Emergence of Riemannian Quantum Geometry

In this chapter we take up the quantum Riemannian geometry of a spatial slice of spacetime. While researchers are still facing the challenge of observing quantum gravity, there is a geometrical core to loop quantum gravity that does much to define the approach. This core is the quantum character of its geometrical observables: space and spacetime are built up out of Planck-scale quantum grains. The interrelations between these grains are described by spin networks, graphs whose edges capture the bounding areas of the interconnected nodes, which encode the extent of each grain. We explain how quantum Riemannian geometry emerges from two different approaches: in the first half of the chapter we take the perspective of continuum geometry and explain how quantum geometry emerges from a few principles, such as the general rules of canonical quantization of field theories, a classical formulation of general relativity in which it appears embedded in the phase space of Yang-Mills theory, and general covariance. In the second half of the chapter we show that quantum geometry also emerges from the direct quantization of the finite number of degrees of freedom of the gravitational field encoded in discrete geometries. These two approaches are complimentary and are offered to assist readers with different backgrounds enter the compelling arena of quantum Riemannian geometry.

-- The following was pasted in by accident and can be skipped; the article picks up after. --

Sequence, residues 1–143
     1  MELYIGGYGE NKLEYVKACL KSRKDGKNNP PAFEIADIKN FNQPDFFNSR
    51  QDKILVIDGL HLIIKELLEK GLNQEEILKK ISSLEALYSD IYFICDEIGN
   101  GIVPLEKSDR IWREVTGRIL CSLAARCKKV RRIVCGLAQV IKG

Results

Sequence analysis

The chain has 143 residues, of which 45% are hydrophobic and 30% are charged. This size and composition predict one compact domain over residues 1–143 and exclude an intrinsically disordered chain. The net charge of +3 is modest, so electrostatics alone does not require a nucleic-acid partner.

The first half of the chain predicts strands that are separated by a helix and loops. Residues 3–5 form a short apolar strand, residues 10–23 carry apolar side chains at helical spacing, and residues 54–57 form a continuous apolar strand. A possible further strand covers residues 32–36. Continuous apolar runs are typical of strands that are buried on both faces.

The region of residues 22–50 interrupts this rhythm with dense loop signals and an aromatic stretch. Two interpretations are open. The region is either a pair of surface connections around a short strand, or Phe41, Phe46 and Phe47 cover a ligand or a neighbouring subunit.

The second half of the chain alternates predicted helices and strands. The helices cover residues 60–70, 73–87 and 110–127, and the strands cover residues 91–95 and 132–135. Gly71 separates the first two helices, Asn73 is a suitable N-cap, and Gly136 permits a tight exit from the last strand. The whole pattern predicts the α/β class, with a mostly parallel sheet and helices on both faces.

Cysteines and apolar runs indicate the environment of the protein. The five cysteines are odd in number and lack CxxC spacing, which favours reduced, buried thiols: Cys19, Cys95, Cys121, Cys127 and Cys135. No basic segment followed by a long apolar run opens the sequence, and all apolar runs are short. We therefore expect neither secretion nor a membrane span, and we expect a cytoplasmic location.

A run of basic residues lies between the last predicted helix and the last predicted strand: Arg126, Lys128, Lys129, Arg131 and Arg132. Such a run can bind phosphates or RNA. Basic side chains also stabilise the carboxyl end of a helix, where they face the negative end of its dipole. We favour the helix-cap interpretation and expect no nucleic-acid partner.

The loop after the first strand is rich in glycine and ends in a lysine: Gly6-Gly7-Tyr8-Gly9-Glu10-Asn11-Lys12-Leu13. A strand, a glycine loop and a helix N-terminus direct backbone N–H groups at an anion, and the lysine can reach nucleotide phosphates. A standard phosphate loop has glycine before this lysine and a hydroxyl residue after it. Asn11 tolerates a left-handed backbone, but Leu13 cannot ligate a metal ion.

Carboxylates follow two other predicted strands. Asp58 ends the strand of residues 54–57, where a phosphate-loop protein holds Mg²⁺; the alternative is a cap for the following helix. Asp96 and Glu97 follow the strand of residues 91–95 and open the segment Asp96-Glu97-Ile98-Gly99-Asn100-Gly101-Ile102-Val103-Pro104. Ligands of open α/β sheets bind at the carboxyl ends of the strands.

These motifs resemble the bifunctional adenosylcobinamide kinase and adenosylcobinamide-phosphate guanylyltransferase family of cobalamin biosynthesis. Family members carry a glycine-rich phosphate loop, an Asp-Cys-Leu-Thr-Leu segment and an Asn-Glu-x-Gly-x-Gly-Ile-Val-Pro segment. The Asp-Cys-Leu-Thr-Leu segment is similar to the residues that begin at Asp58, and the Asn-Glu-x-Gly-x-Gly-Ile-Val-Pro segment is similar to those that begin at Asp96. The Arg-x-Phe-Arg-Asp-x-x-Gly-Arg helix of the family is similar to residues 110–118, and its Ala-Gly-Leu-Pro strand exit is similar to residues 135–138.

Quantum mechanics and Alexander Bogdanov’s worldview: A conversation

This paper is a transcript of the dialogue between Carlo Rovelli and Mike Jackson after Rovelli’s delivery of the 2021 Annual Mike Jackson Lecture, hosted by the Centre for Systems Studies at the University of Hull. The dialogue covers a range of topics, including how Rovelli developed a sense of curiosity in his youth; the connection between his interests in science and politics; the pathology of disciplinary divisions in academia; the value of Bogdanov’s transdisciplinarity; Rovelli’s theory of quantum gravity; the notions of granularity, indeterminism and relationality underpinning quantum mechanics; the role of the observer; mistaken uses of quantum mechanics; relational and network views of the world; how the discipline of Physics is becoming more systemic; the concept of levels of analysis in relation to nature and human inquiry; and the future for humanity.

Summing bulk quantum numbers with Monte Carlo in spin foam theories

We introduce a strategy to compute EPRL spin foam amplitudes with many internal faces numerically. We work with texttt{sl2cfoam-next}, the state-of-the-art framework to numerically evaluate spin foam transition amplitudes. We find that uniform sampling Monte Carlo is exceptionally effective in approximating the sum over internal quantum numbers of a spin foam amplitude, considerably reducing the computational resources necessary. We apply it to compute large volume divergences of the theory and find surprising numerical evidence that the EPRL vertex renormalization amplitude is instead finite.

On the Inevitable Lightness of Vacuum